Reaction Formations: Dialogism, Ideology, and Capitalist Culture

Bakhtin and Voloshinov argued that dialogue is the intersubjective basis of consciousness, and of the creativity which makes historical changes in consciousness possible. The multiple dialogical relationships give every subject, who has developed through internalizing them, the potential to distance him or herself from them. Consciousness is, therefore, an “unfinalized” process, always open to a possible future which would not merely reiterate the past. But this book explores its corollary: The relative openness is a field of conflict where rival discourses struggle for hegemony, by subordinating or eliminating their rivals. That is how the unconscious is created out of socio-historical conflicts. Hegemony is always incomplete because there is always the possibility of a return of its repressed rivals in new combinations.

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Feminist Philosophy

This entry provides an overview of all the entries in the feminist philosophy section of the Stanford Encyclopedia of Philosophy (SEP). After a brief account of the history of feminist philosophy and various issues regarding defining feminism, the entry discusses the three main sections on (1) approaches to feminist philosophy, (2) feminist interventions in philosophy, and (3) feminist philosophical topics.

Feminists working in all the main Western traditions of contemporary philosophy are using their respective traditions to approach their work, including the traditions of analytic, Continental, and pragmatist philosophy, along with other various orientations and intersections. As they do so, they are also intervening in how longstanding basic philosophical problems are understood. As feminist philosophers carry out work in traditional philosophical fields, from ethics to epistemology, they have introduced new concepts and perspectives that have transformed philosophy itself. They are also rendering philosophical previously un-problematized topics, such as the body, class and work, disability, the family, reproduction, the self, sex work, human trafficking, and sexuality. And they are bringing a particularly feminist lens to issues of science, globalization, human rights, popular culture, and race and racism.

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Posted in Feminist Epistemology | Tagged

Feminism After Bourdieu

How might Bourdieu’s social philosophy and social theory be of use to feminism? And how might it relate to – or possibly even fruitfully reframe – the ongoing problematics and current theoretical issues of feminism? It is very well recognized that Bourdieu’s social theory had relatively little to say about women or gender (although see Bourdieu, 2001) with most of his writings framed preeminently in terms of issues of class (Moi, 1991). Yet the premise of this volume is that this substantive omission should not be taken to mean that Bourdieu’s theoretical apparatus does not necessarily have relevance for feminism. Other key contemporary social theorists such as Foucault and Habermas have also – substantively speaking – had little to say about women and gender or indeed feminism but this, of course, has not stopped feminists deploying, rethinking and critically developing the theoretical resources offered by this theorists produce some of the most influential, compelling and productive forms of contemporary feminist theorizing (see eg Butler, 1993; Fraser, 1997). In this volume contributors will use, critique, critically extend and develop Bourdieu’s social theory to address some of the most pressing issues of our times. And in so doing they will address both ongoing and key contemporary problematics in contemporary feminist theory. These include the problematic of theorizing social agency (and especially the problematic of social versus performative agency); the issue of the relationship of social movements (and especially women’s movements) to social change; the politics of cultural authorization; the theorization of technological forms of embodiment (that is the theorization of embodiment post bounded conceptions of the body); the relations of affect to the political; and the articulation of principles of what might be termed a new feminist materialism which goes beyond Bourdieu’s own social logics.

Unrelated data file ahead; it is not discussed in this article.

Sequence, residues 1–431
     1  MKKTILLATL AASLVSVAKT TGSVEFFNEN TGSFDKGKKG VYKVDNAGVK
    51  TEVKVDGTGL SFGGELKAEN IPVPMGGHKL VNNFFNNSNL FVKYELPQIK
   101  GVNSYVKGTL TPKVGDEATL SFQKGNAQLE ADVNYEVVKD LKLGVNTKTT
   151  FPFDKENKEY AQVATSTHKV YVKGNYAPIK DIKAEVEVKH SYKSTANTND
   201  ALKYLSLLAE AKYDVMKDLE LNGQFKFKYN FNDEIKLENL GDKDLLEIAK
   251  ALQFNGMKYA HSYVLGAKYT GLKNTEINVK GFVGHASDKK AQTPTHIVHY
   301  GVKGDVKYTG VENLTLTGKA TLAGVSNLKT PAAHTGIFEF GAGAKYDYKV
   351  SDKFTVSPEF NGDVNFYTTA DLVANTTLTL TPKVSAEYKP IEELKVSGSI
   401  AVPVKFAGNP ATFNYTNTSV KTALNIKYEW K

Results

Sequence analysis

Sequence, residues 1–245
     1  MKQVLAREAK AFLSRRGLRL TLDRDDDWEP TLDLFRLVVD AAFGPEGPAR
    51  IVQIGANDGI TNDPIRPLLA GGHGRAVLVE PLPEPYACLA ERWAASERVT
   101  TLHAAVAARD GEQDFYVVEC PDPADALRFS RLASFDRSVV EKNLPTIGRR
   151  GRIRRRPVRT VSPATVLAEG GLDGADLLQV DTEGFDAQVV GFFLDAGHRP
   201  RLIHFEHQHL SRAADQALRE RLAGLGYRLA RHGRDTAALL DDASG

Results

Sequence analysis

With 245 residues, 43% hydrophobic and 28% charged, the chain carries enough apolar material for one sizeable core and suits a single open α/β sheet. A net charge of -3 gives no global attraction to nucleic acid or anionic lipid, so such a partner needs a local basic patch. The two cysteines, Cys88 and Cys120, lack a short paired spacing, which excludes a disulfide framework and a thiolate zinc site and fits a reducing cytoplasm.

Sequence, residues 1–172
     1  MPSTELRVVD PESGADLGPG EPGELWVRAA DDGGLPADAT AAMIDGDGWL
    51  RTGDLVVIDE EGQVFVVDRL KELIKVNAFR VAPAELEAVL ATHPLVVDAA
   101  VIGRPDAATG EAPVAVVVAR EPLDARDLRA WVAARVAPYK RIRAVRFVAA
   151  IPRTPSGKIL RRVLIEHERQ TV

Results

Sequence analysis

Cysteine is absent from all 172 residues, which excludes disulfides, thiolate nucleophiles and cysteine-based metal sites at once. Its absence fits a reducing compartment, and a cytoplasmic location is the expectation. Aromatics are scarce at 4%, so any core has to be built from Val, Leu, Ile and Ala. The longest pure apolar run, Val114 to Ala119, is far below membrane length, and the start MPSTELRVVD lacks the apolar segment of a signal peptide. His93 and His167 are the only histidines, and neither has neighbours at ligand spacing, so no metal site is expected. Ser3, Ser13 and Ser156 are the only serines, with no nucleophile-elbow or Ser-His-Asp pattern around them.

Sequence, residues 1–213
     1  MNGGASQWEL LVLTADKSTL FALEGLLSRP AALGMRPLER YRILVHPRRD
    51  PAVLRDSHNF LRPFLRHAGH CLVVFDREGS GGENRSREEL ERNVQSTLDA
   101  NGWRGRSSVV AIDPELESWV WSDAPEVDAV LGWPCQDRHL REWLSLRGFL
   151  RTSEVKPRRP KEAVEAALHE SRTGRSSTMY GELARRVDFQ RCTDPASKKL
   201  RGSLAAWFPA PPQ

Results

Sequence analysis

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Feminist Theory After Deleuze

Feminist Theory After Deleuze addresses the encounter between one of the 20th century’s most important philosophers, Gilles Deleuze, and one of its most significant political and intellectual movements, feminism. Feminist theory is a broad, contradictory, and still evolving school of thought. This book introduces the key movements within feminist theory, engaging with both Anglo-American and French feminism, as well as important strains of feminist thought that have originated in Australia and other parts of Europe.

Mapping both the feminist critique of Deleuze’s work and the ways in which it has brought vitality to feminist theory, this book brings Deleuze into dialogue with significant thinkers such as Simone de Beauvoir, Rosi Braidotti, Judith Butler, Elizabeth Grosz and Luce Irigaray. It takes key terms in feminist theory such as, ‘difference’, ‘gender’, ‘bodies’, ‘desire’ and ‘politics’ and approaches them from a Deleuzian perspective.

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Concept and History: The (Trans)disciplinarity of Deleuze and Guattari’s Political Philosophy